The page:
It is in Act III: “Exorcise” that all that playwright Jeremy O. Harris has been exploring reaches its explosive and cathartic climax. Things did not go well for Kaneisha and Jim during processing: Jim stopped the role-play sequence by failing to follow through to the end and Kaneisha rightly feels betrayed by Jim and identifies his “shutting down” as evidence of his inability to understand “what she needs from him and how she needs it.” She returns to their room, packs, and plans to leave early. Jim walks in on Kaneisha and in an electrifying and disquieting scene, begins the earlier role play again, continuing this time until she “calls it off” with their safe word “Starbucks” and shares with Jim, “Thank you, baby. Thank you for listening.” As she did in middle school when facing her OCD and dodging suggestions by her teacher and parents to go into therapy, Kaneisha “made sense of it herself.” Ms. Kalukango and Mr. Nolan deliver deeply emotional and exhaustingly physical performances that shatter the boundaries of conventional theatre. Their intense work in this scene makes resolution possible.

Under Robert O’Hara’s exquisite and deeply sensitive direction, the entire cast share believable and authentic performances that challenge all the norms defining eroticism and the erotic, particularly in the discussion of sexuality in “mixed” couples. Persons of color and their white (or “off-white”) partners will and must make sense of these dynamics themselves outwith the constraints of the “constant psychological warfare of the white supremacist, heteropatriarchal, capitalist system.” Clint Ramos’ mirrored scenic design, enhanced by Jiyoun Chang’s subtle lighting design not only include the entire audience in the action, but also draw each member into an uncomfortable place of complicity.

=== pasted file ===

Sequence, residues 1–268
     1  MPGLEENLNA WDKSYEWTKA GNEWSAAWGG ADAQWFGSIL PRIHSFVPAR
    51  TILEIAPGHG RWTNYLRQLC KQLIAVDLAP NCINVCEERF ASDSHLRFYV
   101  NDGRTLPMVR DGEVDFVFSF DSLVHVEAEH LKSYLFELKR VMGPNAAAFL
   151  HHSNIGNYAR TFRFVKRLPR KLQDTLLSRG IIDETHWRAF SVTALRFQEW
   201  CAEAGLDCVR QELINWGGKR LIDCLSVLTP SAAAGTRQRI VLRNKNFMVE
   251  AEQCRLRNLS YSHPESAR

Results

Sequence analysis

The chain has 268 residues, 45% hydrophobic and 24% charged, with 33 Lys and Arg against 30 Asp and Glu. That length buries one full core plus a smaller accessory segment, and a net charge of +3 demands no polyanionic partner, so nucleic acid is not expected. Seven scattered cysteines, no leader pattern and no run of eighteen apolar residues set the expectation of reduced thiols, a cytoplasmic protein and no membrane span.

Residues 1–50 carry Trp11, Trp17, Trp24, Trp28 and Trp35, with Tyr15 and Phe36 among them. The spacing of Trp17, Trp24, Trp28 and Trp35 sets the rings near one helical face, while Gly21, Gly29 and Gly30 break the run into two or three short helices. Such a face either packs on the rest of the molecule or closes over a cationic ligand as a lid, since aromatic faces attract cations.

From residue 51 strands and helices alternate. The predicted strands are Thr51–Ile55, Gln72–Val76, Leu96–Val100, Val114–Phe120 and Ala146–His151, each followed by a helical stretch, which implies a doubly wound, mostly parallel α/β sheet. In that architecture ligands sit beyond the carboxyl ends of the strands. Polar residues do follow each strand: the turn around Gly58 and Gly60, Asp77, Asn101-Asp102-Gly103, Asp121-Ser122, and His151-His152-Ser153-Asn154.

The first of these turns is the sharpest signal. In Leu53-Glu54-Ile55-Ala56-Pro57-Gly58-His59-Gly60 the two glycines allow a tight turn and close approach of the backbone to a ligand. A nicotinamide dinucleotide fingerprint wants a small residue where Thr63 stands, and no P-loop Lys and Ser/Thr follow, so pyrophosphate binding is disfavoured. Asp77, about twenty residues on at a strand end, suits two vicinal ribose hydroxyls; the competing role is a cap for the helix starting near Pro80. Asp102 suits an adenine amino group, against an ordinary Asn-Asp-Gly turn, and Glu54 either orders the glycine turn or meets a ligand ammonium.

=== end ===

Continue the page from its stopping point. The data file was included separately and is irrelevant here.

“‘Slave Play’ is a radical study in American memory, the psychologies of the prized & the oppressed; the grateful & the entitled; who’s top, who’s bottom; who speaks, who can’t, & who betta listen” (Morgan Parker). “Slave Play” is not for the hard of heart, the heard of “hearing,” or the weak in spirit. However, Mr. Harris’s play must be seen as part of the overall process of awakening, healing, and making sense of it all before it is too late.



“Slave Play” stars Ato Blankson-Wood, James Cusati-Moyer, Sullivan Jones, Joaquina Kalukango, Chalia La Tour, Irene Sofia Lucio, Annie McNamara, and Paul Alexander Nolan. The cast is being understudied by Eboni Flowers, Thomas Keegan, Jakeem Dante Powell, and Elizabeth Stahlmann.

The creative team for the production includes Clint Ramos (scenic design), Dede Ayite (costume design), Jiyoun Chang (lighting design), Lindsay Jones (sound design and original music), Amauta Marston-Firmino (dramaturg), Byron Easley (movement), Claire Warden (intimacy and fight director), Doug Nevin (production counsel), and Taylor Williams (casting director).

“Slave Play” runs at the Golden Theatre (252 West 45th Street) through Sunday January 19, 2020. For more information about the production including the performance schedule and to purchase tickets, visit Running time 2 hours and 10 minutes without intermission.

Photo: James Cusati-Moyer and Ato Blankson-Wood in “Slave Play.” Credit: Matthew Murphy.